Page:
According to Mesteel, the portal for steel buyers and sellers across the Middle East, since the start of 2008 the price of steel billets and blooms has risen from $730 to $1250 per tonne, while the price of reinforcing bars has risen from $750 to $1380. This equates to rises of 85.6% and 92% respectively in just six months.

For contractors that are working to a fixed price contract that fails to allow for materials price hikes during the course of construction, such a drastic increase in costs may be enough to force them to bid elsewhere.

Though this rise is steep, it is merely an acute magnification of an ongoing trend. The price of steel has risen consistently for the past five years according to Dubai Chamber of Commerce and Industry.

Market response

Several firms have sprung up across the GCC as market forces have swung into action to try and plug the yawning gap between supply and demand. Though the gap is such that it will take some time until the results begin to show and prices can finally be clawed back to more affordable levels. This is reflected by a price increase of not far off 100%.

Spencer Felix, exhibition manager of the Middle East Manufacturing Exhibition (Memex), has reported that GCC countries are investing $18 billion to build 46 new steel plants, 33 of which will be in the UAE and Kingdom of Saudi Arabia.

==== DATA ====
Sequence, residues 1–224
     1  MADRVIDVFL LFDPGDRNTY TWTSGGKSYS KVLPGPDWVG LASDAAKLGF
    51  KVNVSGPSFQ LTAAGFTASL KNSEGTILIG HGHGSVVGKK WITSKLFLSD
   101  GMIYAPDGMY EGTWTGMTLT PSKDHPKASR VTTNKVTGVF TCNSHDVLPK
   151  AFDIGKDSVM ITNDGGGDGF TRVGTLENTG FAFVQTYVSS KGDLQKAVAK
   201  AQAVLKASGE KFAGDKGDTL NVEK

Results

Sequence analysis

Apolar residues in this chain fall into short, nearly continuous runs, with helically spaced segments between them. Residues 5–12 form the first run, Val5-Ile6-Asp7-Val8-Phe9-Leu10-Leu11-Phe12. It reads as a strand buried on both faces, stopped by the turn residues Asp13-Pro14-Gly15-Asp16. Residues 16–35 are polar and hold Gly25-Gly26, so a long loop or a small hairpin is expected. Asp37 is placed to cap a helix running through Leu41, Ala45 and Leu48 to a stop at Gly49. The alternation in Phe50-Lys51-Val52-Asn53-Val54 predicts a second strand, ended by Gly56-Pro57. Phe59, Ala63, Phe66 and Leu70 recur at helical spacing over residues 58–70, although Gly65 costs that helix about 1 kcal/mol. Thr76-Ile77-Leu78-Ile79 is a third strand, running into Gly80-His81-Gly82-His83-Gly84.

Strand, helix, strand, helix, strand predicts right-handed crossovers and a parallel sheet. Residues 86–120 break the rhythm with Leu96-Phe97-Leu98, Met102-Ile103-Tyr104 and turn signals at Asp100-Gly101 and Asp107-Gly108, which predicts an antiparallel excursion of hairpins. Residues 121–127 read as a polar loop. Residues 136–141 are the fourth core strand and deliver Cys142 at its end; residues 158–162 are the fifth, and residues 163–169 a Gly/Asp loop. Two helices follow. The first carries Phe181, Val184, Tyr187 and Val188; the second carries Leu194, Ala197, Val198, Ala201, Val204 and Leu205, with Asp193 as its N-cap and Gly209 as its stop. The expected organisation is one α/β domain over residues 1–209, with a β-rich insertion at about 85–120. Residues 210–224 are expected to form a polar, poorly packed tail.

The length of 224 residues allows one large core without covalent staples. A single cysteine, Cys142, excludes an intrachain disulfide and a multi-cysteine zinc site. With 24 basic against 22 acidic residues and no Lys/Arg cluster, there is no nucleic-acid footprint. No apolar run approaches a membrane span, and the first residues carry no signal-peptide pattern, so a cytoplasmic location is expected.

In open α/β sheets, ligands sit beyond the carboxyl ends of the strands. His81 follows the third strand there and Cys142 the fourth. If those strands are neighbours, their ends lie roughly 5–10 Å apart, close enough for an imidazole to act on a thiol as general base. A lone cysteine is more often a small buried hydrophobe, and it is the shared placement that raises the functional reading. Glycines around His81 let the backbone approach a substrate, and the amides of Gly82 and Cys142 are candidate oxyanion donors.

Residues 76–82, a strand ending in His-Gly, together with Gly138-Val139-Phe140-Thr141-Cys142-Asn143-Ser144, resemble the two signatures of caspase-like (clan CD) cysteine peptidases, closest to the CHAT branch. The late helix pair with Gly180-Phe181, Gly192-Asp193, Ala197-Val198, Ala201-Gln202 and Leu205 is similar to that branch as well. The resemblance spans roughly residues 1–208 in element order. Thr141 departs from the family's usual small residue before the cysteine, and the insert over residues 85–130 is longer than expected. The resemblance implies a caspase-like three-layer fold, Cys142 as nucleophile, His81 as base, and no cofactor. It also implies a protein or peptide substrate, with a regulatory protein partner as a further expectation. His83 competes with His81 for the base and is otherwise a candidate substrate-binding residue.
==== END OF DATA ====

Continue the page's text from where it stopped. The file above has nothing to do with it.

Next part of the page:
As requited, that amounts to a lot of steel. But as the UAE and Saudi Arabia continue to construct a more diverse economy from concrete and steel, lessening dependence on oil exports, both are in need of all the materials that they can get.

Along with this huge investment, there are firms that are prepared to inject the cash required to pursue the extremely high level of demand. For those prepared to put up the capital, the potential rewards are waiting to be enjoyed.

Stemcor Dubai concentrates its business in the marketing, financial, logistics and advisory fields, so it maintains a healthy spread of interest around the region.

Stemcor is also a major player in the global field, with an annual turnover of some $8 billion, trading around ten million tonnes of steel raw materials annually and employing a workforce of around a thousand.

Despite the boom, managing director Bill Attenborough sees challenges ahead: "I certainly see growth continuing, though not without one or two blips on the horizon.

"For example, a boatload of rebar that previously cost around $16.5 million...may cost you $30-40 million today. What with the credit squeeze, you can no longer go to the bank and say please," he adds. Attenborough also identifies oil as an uncertain factor: "We could face problems with how far the oil price is going up. There are rumours that markets today are planning to impose export taxes, which could pose a problem for some," he warns.

Positive changes

Along with the steel suppliers themselves, related businesses have been making moves as they see necessary to take advantage of the boom in demand. One such firm is crane provider Demag Cranes, which deals with customers from small workshops all the way up to major international firms.